Editorial Analysis for 12th October 2020

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Food for peace: On 2020 Peace Nobel


Mains: General Studies- II: Governance, Constitution, Polity, Social Justice and International relations.


The Nobel for the World Food Programme highlights multilateralism’s benefits

Why World Food Programme?

  • For its contribution to combating hunger in conflict and disaster-struck sites.
  • The Norwegian Nobel committee took note of the WFP’S life-saving rolein the year of the pandemic, staving off catastrophes of hunger in Yemen, Congo, Nigeria, south Sudan and Burkina Faso.
  • The prize is a fitting tribute to the aid workers who brave hazardous conditions to reach starving people in theatres of war, civil strife and natural disasters, moving food on aircraft, trucks and even all-terrain amphibious vehicles.
  • The decision to honour the WFP echoes the advice of another peace laureate from 1949, lord john boyd orr, the first head of the FAO, that peace cannot be built on empty stomachs.
  • It commands one of the biggest non-military and non-commercial logistics operations worldwide and is engaged in delivering food and other assistance to those needing aid as well as developmental support, including in some of the remotest and often conflict-stricken parts of the globe.
  • The organisation has also developed the capabilities to serve as the frontline telecommunications and logistical support provider to all UN agencies and NGOs in crisis situations.


  • Funding Gap: Lack of all member countries to foster greater cooperation to close the WFP’s funding gap of $4.1 billion.
  • The world’s hunger map presents a depressing picture with more than a quarter of the population facing undernourishment in many countries;

Example: in strife-ridden Syria, an estimated 4.6 million people survive on food aid.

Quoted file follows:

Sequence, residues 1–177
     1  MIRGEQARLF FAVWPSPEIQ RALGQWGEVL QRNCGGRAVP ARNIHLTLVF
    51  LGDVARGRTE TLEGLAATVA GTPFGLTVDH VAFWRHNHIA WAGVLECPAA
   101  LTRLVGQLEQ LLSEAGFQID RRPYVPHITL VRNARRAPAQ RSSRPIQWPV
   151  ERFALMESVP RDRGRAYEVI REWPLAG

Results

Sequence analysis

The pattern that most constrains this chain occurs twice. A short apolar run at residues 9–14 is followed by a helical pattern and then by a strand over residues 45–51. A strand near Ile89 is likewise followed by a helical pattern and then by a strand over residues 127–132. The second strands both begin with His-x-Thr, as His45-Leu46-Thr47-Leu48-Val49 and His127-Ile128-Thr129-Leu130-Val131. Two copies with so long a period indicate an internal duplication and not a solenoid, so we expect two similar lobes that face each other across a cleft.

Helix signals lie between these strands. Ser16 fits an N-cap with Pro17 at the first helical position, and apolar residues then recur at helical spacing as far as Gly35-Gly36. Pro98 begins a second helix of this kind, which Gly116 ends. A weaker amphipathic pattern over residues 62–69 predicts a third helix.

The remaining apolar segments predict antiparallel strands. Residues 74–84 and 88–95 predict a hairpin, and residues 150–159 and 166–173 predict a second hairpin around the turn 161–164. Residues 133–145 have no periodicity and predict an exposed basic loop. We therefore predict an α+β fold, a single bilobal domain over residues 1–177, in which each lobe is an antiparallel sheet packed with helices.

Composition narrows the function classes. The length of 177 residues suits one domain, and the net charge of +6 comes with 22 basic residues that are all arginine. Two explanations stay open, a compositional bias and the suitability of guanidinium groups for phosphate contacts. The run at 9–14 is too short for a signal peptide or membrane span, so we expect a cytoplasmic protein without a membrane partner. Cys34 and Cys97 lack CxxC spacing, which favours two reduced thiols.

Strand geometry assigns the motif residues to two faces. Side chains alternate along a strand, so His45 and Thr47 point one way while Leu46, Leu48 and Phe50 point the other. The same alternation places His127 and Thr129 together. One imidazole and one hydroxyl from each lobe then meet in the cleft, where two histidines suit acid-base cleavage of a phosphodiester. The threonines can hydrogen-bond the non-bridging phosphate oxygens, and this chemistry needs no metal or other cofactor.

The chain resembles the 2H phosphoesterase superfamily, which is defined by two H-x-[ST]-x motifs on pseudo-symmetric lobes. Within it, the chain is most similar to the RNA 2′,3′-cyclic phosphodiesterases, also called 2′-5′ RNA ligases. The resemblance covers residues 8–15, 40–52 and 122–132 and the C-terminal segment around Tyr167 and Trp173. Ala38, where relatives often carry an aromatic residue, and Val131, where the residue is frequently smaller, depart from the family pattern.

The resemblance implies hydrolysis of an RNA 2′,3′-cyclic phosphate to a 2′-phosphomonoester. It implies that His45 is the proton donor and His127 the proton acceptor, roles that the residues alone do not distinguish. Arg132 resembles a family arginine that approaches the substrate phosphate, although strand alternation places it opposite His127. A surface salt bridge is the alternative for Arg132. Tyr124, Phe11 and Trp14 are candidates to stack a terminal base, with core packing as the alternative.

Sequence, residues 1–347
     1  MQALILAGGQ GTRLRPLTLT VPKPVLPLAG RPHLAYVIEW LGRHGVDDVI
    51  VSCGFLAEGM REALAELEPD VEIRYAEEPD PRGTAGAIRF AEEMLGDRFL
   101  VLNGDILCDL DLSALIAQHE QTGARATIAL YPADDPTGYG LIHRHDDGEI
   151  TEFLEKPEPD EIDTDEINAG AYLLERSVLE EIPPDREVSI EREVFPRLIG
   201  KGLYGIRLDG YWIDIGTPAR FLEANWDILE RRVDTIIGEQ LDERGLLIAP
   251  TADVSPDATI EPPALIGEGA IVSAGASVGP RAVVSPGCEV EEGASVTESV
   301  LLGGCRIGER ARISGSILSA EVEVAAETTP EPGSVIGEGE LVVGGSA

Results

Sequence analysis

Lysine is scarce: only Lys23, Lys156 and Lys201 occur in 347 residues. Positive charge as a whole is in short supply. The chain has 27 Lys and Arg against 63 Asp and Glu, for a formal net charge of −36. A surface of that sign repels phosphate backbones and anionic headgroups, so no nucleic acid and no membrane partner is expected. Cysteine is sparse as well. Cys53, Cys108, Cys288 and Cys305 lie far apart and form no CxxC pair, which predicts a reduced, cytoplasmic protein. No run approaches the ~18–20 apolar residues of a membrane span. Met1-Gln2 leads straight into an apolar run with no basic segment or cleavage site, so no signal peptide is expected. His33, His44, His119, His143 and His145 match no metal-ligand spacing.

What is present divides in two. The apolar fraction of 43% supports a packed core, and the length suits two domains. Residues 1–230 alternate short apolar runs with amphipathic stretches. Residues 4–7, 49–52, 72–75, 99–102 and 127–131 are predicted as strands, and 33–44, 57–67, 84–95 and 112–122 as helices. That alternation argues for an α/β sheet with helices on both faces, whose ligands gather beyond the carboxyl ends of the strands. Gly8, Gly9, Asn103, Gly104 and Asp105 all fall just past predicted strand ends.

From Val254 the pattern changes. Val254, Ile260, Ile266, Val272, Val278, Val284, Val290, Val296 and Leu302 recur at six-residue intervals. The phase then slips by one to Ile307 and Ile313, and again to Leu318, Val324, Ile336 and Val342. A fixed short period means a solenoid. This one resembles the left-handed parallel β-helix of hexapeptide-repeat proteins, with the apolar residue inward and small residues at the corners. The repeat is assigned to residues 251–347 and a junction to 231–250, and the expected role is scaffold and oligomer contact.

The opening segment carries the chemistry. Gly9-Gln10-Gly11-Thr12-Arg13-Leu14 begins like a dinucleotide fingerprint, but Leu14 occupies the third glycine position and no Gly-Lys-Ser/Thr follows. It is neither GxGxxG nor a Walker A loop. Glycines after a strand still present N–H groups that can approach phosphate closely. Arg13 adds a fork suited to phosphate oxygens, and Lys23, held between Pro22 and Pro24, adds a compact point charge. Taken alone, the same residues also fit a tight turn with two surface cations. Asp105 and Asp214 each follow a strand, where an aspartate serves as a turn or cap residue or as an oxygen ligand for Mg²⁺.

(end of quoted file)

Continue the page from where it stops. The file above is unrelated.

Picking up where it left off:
• Lack of stronger commitment: without stronger commitment from the big powers, the challenge to feed the millions who suffer acute hunger due to conflict and failed agriculture widens.

How this recognition will help?

  • The recognition that the WFP has received can help the humanitarian organisation prepare for a decade of ambition and help meet the Sustainable Development Goals (SDG).
  • Of central importance is SDG, achieving zero hunger by 2030, a target that requires determination to resolve festering armed conflict.
  • This will help indirectly to mitigate carbon emissions early and avert effects on agriculture from disastrous climate events.
  • the need for international solidarity and multilateral cooperation is more conspicuous than ever so the prize will make superpowers to cooperate.
  • According to one estimate around, 690 million people are affected by hunger globally. This goes against the spirit of humanism as these people have the right to live peacefully and without hunger.


Several poor countries have suffered a severe setback to their developmental aspirations due to the pandemic, and lack strong institutional governance to manage the crisis. This is a time for the world’s big powers to strengthen the UN system, espousing fraternity, shunning militarism, greening economies and resolving conflicts in the true spirit of the Peace Prize. Without peace, one cannot achieve the global goal of zero hunger; and while there is hunger, there would never be a peaceful world.

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